The harsh reality of neoliberalism is even more acute, and deadly, in the case of the games played by the characters of The Wire with the important difference that the wisdom of the “game” is here undercut. The capitalist game whose rules of maximum profit govern both legal and illegal activities, really means, as in Trump’s arbitrary judgments, whatever any powerful player says it means. There are no rules beyond pure unbridled capitalism. The difference between the two serials is that winning is all that counts in The Apprentice, while in The Wire attempts by cops, drug dealers, city government and schools at reform, at least suggests alternatives as does the alternative of living in between.
In other words, while The Apprentice just repeats the same game with different contestants, The Wire takes better advantage of its serial repetition to teach the futility of repeating, as the title of one episode calls it, “Time after Time.” In the end, Marlo, the final drug-lord, descends to a level of neoliberal subjectivity at its most ruthless; he is the last man standing, but winning is hollow. Only Omar, the outlaw who lives between the power of police and of the drug-lords, and Bubbles, the drug addict who gets clean, and Daniels, the police major who opts out of his game, offer visions of more creative, flexible possibilities. Though many in this serial wax nostalgic about an older, less neoliberal economic system “back in the day,” this nostalgia is only exercised by dockworkers or cops in their white ethnic pride, not by the disenfranchised black drug dealers or an outlaw like Omar.
Thus, where either harsh criticism or praise from the charismatic leader is always valued as the highest wisdom, and never resisted in The Apprentice, in The Wire’s savvy use of the lessons of repetition and change, it becomes possible to deconstruct supposed wisdom. If, as Mark Andrejevic (15) has argued, reality TV sells itself to viewers as a “rationalization of their own consumption” as if it were a form of empowerment, and neoliberal business culture is reified in the process as the simple “rules of the game” (Coudry, Littler, 276), in The Wire there are alternative routes and the game itself is exposed as deadly repetition. Thus where one serial offers neoliberal critique, the other offers neoliberal abjection.
Perhaps the greatest achievement of The Wire is its ability to recalibrate the very meaning of the melodramatic recognition of virtue to an institutional rather than an individual level. Though there are good and bad police, good and bad drug dealers, members of city government, etc. the important point is whether any of these official or unofficial institutions can recognize their power, as institutions to do good. The point at which, Mayor Carcetti chooses his own career over money for schools, proves that the city cannot choose the relative good, the point at which the schools cannot recognize the relative good of teaching and learning with the benefit of “soft eyes” is the point at which it too fails, and so on down the line.
However, the fact that in the end, none of these institutions can deeply recognize what is just and good in its own operation, despite the many individuals who try does not mean that it is a failed melodrama. Indeed, the simple fact that there is no single, central protagonist in The Wire and that the series’ focus on institutions and networks of relations, rather than on unique individuals, means that for once a melodrama does not rely upon a sovereign hero to save the day. This added dimension of the institutional level of melodrama, meshed with the individual, is the most remarkable and bravura achievement of The Wire. In the day-to-day workings of these institutions, at the nitty-gritty level of budgets, drug profits, political horse-trading, editorial practices—all cross cut for maximum interaction and comparison—not private loves, kindly uncles, or personal villains that determines fates.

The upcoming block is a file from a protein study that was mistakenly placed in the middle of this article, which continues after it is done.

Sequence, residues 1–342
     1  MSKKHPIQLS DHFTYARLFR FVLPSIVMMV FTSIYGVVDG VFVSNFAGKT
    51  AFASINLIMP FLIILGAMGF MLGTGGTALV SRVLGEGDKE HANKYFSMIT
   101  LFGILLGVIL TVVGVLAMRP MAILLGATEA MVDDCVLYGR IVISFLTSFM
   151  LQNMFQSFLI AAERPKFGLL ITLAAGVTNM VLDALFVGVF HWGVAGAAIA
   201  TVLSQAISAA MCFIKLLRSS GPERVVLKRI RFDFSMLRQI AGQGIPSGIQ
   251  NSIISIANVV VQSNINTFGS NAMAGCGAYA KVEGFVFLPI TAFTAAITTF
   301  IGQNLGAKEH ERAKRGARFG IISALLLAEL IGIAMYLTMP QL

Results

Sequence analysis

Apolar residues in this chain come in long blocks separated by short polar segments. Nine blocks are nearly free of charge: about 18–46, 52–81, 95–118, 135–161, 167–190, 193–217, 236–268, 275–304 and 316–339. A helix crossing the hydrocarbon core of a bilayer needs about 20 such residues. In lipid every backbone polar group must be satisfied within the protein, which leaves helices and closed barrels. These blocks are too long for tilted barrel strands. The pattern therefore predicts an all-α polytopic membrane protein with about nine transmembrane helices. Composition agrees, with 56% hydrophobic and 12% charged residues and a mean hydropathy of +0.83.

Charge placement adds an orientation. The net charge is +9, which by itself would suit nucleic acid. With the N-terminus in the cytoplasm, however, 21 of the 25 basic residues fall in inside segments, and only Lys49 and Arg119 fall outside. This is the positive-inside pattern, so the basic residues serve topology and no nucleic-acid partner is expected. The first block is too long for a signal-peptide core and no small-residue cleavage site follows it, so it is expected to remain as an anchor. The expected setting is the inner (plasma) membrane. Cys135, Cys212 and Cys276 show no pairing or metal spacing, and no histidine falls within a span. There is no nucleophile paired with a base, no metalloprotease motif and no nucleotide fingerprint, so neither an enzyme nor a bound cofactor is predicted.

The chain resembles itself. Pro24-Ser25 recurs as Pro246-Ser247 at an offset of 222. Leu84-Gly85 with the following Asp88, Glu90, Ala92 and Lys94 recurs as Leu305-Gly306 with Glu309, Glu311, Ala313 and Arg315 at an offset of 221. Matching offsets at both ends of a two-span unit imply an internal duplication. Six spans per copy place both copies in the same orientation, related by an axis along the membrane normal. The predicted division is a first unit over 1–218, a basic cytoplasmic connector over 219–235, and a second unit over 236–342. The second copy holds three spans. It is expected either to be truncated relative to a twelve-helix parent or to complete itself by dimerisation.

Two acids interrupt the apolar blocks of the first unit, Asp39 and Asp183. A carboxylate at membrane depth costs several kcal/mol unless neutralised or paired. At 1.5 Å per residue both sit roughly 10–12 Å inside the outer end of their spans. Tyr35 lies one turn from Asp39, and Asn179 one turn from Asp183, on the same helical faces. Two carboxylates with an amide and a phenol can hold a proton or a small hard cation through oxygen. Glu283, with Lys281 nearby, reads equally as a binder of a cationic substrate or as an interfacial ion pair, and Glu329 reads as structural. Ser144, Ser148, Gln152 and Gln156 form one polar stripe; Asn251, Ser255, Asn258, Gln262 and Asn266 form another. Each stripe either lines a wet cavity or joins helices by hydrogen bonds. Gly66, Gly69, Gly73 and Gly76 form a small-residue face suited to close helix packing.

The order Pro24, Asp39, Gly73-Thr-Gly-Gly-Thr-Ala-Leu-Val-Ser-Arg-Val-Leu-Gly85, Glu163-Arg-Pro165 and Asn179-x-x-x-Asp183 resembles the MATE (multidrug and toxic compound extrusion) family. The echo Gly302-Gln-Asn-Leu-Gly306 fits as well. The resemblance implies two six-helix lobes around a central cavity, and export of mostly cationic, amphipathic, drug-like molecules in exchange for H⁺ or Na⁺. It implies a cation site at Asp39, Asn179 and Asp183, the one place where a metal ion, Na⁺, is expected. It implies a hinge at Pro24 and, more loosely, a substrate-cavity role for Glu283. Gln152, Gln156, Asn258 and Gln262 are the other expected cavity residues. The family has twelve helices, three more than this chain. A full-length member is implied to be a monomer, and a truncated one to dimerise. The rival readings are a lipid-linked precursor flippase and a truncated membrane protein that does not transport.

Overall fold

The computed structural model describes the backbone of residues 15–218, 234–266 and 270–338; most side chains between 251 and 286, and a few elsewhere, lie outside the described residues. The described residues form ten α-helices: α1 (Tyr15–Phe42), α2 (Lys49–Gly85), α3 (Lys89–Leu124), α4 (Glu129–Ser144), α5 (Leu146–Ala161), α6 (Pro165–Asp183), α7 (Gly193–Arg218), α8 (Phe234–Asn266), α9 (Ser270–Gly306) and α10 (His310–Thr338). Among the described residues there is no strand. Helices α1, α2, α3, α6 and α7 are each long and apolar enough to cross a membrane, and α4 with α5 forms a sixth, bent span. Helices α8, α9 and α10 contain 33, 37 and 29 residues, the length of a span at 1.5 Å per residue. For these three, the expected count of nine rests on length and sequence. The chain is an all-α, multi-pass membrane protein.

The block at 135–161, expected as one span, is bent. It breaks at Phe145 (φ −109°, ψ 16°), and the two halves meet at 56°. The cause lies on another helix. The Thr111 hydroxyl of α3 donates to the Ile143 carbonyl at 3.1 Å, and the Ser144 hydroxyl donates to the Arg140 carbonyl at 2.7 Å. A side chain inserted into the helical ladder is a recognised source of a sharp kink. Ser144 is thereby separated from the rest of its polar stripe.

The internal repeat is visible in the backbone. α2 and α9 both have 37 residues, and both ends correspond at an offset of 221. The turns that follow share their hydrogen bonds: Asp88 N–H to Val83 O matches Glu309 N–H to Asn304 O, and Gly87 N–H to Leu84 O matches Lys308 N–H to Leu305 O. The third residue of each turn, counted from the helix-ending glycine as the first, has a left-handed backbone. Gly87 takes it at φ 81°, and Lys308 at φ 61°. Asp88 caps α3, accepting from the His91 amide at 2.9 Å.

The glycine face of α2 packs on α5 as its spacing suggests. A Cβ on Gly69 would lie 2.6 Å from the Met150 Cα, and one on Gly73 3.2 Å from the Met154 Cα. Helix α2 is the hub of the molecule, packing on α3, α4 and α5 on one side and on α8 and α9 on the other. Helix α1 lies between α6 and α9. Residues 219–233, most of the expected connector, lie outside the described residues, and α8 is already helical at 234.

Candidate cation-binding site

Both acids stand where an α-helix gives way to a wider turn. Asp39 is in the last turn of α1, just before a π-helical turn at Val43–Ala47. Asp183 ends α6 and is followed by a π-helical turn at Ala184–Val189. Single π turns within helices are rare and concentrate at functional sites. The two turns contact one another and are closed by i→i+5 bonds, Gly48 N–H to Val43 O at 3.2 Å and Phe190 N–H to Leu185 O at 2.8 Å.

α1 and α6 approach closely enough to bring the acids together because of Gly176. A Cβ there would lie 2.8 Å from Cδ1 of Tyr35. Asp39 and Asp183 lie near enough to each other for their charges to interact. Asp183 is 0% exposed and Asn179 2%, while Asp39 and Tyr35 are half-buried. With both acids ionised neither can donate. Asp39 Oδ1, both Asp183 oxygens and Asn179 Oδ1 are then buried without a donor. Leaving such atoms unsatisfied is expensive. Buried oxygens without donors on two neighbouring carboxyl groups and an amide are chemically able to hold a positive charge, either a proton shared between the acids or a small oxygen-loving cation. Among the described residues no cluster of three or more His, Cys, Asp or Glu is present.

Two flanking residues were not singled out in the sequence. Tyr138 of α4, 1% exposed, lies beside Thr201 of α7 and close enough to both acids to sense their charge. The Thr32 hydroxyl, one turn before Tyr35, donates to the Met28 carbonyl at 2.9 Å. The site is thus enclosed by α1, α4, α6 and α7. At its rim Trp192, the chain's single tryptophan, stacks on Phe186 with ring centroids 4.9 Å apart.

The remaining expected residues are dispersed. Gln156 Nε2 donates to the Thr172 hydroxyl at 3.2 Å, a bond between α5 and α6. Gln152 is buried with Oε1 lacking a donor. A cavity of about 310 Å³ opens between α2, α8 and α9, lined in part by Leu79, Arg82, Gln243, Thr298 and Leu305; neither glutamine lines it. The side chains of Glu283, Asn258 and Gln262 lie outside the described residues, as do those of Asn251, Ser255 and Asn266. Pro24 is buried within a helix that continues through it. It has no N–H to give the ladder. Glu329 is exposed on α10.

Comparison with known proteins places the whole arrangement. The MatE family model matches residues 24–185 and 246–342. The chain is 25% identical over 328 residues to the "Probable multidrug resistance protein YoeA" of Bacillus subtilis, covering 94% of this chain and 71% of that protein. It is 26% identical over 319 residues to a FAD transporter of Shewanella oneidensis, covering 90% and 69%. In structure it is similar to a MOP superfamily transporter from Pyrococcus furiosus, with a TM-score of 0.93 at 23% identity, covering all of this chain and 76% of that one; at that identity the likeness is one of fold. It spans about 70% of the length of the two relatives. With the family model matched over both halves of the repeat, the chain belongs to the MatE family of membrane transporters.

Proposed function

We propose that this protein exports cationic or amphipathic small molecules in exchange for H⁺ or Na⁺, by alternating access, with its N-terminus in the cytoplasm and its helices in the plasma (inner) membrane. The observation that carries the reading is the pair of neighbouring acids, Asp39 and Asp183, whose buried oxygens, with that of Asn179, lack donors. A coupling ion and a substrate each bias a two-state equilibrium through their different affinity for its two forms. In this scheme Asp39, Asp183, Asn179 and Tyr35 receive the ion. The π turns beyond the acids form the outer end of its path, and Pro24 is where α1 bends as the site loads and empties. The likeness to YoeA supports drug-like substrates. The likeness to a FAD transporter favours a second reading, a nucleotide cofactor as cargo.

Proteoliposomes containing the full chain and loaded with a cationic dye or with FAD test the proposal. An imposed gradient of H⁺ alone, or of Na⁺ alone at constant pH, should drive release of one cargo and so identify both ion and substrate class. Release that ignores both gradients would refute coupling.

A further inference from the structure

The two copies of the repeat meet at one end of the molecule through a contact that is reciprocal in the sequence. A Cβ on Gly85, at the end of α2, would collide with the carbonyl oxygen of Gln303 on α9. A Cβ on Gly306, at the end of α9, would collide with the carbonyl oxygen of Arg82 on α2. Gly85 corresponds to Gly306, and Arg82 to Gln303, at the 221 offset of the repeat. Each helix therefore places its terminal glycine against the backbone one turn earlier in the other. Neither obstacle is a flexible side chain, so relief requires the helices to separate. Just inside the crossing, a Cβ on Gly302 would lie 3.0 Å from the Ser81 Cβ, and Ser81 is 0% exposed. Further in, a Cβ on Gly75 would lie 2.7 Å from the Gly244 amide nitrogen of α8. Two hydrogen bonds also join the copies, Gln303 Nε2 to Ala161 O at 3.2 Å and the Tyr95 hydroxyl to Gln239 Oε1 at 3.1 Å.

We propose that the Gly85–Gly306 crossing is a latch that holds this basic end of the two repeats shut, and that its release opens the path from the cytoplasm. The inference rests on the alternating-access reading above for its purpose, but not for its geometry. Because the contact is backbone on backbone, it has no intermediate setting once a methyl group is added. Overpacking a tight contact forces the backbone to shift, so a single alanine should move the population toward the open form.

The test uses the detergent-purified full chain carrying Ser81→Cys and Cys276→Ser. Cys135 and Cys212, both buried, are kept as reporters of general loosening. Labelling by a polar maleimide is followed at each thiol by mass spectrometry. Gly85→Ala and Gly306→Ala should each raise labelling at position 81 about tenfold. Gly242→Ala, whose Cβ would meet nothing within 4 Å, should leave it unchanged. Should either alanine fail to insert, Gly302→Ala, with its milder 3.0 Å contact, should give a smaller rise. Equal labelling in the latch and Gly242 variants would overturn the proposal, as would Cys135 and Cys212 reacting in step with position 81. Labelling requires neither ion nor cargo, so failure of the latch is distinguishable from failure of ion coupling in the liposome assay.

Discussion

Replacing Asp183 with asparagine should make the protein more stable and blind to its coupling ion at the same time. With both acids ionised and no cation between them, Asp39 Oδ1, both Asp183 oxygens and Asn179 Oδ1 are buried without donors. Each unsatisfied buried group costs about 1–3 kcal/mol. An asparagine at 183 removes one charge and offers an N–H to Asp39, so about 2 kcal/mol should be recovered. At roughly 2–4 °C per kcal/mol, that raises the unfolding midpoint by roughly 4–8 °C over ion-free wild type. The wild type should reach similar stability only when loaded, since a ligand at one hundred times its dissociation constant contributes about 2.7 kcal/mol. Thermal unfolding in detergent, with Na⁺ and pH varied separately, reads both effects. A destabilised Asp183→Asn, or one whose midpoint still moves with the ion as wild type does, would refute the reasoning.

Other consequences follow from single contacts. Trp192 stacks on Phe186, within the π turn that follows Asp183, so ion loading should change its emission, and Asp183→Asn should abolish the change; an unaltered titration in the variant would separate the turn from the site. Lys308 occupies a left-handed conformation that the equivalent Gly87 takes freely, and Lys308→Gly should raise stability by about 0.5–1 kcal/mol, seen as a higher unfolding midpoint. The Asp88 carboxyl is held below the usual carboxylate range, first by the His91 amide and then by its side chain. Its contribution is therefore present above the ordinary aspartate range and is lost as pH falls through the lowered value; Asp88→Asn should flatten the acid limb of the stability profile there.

What matters, however, is that a sense of what would be JUST remain alive. There are important moments when individuals in different institutions recognize the virtue of others. For example, though the utopian project of Hamsterdam fails at the end of the third season, when Major Bunny Colvin stands before the bulldozed ruins of Hamsterdam and asks random passerby, Bubbles, if it was a “good thing,” Bubbles cautiously assents. It is partly because we have known Bubbles since the first season and have come to know the scavenging and pedagogical routines of his life that we have a strong temporal sense of the trap of repetition in which Bubbles is caught—his own pathos is as evident as Colvin’s. This is a satisfying melodramatic moment better than what any tragedy of individual flaws, or tragic pride and fall could deliver. It resonates especially as the rhythm of the part so important to serial melodrama.
Contrast this to the way The Apprentice, reconciles its viewers to the “real world,” with no glimmer of alternative values. Yet it too is a melodrama, though of a different kind. There are, of course, many different kinds of melodrama, even on reality TV. One popular show which operates in a more conventional Dickensian mode, is Undercover Boss (2010-present), an American reality serial in which a corporation’s boss goes undercover to surveil his workers and—in the grand tradition of Victorian melodrama—discovers not only how hard they work, but how to be a better boss to them. This boss “solves” the individual problems of selected workers by learning their obstacles, encouraging them, and at the end bestowing upon them individual rewards for loyalty and hard work. Such is the constant moral of this serial melodrama.